Book Review: Eleanor and Park, Back to Basics With a Love Story
Stories about first love, young love or anything that screams mushy enough to make your eyes roll is inevitable Once in a while, this genre will have a book or two that will distinguish itself from all the other known mastheads that always try and capture something is could be different, something a bit rawer and closer to our hearts; Eleanor and Park is something close to that.
Eleanor and Park takes place in 1986 and focuses on the story on the characters by the same name, alternating the narrative from both perspectives. Both from very different cultural backgrounds, they find that their lives somehow overlap within their unintentional geeky interests such as comic books, rock and punk music. Somehow, Eleanor leads a very difficult life and is constantly stressed from school bullying and the constant crisis in her household. Park, on the other hand, has it easier; stress comes to him in a different form. He struggles with trying to get acceptance from his dad, and knowing he’s a misfit just because he’s half Asian in an already culturally-settled neighborhood, even if he’s been there all his life.
Eleanor and Park find each other and it reminds us what it is to fall in love at a young age; the awkwardness, the silliness and sweetness of the whole falling-in-love process is delightful to read while both characters unravel right before our eyes. The book is filled with referential points of era in which it takes place and isn’t done arrogantly. Everything makes sense and all you want to do is root for the main characters to be happy—and stay happy. Making a lot of subtle references to Rome and Juliet, Macbeth and other tragedies of literature, it takes the plot into another level once the story thickens and gives it the right appraisal for such comparisons.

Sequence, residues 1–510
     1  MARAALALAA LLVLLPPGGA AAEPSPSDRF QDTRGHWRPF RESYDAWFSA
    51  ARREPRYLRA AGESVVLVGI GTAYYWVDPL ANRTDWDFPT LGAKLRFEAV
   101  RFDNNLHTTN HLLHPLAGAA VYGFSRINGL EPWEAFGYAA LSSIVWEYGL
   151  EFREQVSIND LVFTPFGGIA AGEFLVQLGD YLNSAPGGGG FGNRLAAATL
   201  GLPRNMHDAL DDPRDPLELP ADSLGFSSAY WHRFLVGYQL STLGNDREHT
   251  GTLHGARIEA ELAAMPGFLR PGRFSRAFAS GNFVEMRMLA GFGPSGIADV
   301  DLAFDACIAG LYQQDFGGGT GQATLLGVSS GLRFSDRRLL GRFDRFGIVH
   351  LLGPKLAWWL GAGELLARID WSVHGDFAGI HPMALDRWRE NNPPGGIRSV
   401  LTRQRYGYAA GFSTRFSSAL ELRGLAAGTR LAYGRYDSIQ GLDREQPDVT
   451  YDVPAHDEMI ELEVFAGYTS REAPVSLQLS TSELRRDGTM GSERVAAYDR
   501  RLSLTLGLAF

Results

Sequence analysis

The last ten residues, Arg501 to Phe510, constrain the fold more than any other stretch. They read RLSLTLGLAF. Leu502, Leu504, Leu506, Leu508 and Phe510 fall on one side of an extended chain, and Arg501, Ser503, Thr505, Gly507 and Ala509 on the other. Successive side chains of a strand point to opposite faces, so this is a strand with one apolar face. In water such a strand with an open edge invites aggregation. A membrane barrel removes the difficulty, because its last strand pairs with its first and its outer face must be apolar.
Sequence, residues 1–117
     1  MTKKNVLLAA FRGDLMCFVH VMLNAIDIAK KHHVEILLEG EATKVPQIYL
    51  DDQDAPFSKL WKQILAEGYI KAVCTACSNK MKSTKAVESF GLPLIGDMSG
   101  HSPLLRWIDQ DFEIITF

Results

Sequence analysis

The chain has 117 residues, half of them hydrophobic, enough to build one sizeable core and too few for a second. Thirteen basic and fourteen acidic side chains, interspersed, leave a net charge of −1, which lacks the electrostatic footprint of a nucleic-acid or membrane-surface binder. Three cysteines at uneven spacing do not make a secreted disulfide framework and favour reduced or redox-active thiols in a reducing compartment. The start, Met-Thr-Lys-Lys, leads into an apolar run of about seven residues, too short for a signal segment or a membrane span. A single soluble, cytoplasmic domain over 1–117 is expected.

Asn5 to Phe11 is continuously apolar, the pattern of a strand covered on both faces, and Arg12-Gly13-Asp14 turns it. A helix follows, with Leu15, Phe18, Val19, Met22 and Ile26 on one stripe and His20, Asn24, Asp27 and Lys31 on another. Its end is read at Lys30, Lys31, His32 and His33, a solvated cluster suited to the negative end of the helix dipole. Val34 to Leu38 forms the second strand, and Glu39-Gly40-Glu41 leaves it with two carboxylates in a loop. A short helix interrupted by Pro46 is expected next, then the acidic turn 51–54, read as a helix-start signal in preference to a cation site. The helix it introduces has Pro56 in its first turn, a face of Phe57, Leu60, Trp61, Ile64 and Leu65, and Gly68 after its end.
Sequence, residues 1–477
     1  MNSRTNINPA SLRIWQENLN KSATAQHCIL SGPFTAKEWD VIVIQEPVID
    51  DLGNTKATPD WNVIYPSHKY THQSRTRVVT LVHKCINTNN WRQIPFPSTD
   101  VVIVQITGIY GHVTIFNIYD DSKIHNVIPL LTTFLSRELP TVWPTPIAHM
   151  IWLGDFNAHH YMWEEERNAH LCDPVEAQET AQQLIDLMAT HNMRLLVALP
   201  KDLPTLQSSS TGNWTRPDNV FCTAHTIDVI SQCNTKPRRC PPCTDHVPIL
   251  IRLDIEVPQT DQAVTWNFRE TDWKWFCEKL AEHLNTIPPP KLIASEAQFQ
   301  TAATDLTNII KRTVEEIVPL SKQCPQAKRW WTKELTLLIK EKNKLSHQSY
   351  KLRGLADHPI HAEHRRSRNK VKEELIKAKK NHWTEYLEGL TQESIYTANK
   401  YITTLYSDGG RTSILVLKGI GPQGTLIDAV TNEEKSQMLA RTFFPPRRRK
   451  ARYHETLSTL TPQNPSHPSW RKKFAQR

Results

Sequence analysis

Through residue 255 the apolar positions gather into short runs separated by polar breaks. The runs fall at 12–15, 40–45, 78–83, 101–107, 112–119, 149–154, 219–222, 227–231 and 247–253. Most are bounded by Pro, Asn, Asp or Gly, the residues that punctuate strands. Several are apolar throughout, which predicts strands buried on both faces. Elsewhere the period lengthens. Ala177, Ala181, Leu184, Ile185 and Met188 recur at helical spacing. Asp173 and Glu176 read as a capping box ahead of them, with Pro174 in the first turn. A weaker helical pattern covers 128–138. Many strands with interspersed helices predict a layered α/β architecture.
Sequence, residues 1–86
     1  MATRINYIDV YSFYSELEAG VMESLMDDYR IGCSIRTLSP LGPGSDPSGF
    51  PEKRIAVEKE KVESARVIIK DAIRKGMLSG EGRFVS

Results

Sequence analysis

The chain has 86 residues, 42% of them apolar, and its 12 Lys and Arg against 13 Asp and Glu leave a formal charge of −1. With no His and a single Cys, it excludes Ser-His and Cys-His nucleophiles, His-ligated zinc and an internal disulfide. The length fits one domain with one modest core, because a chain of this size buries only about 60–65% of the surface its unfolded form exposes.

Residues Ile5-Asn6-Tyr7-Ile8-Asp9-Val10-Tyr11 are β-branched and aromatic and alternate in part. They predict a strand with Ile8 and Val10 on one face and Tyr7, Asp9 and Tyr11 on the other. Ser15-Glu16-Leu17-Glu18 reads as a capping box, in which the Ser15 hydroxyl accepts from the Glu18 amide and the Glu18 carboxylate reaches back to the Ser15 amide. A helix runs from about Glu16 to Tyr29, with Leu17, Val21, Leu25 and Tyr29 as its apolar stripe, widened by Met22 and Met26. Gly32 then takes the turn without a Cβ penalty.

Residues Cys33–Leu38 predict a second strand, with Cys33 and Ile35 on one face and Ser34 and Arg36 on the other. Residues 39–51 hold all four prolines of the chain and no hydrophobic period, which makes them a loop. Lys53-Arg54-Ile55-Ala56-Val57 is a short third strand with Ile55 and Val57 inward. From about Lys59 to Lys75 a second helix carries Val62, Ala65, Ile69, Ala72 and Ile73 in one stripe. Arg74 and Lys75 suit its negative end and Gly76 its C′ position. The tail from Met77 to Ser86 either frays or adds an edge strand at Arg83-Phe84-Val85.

The book starts a little slow and needs some time to settle in once we are thrown into the characters’ lives without any explanation on their background. But once it takes it off, it takes off. There are sweet moments that are perfect to just indulge all day long, and some that are strikingly sad enough to make us think and weep for the characters. The narration of the story changes back and forth from both characters’ points of view and is done in a refreshing way, just enough to see the double-edged blade every time they are presented with a new situation.
The author, Rainbow Rowell, has a sweet voice and captures the essence of both teenagers really well. It is simple, clean and fresh. Both worlds are beautifully painted and both have their own believable circumstances that make their exploits even more remarkable.
Of course, the only falling point would be that the entire book stays on the same level of intensity and by the end, that’s when it takes up a notch. The story wasn’t anything terribly exciting if it wasn’t for the final fall, which is a bit disappointing.
Eleanor and Park is a strong yet sweet story about discovering what it is to be in love for the first time ever. It is a good read but, like I said, there’s nothing that will reinvent the genre here. Even though it seems fitter for a younger audience, adults will likely enjoy it nonetheless since it contains a certain charm and comic-relief to it, and there’s nothing wrong about going back to basics with a story surrounded with love and the sound of the ‘80s.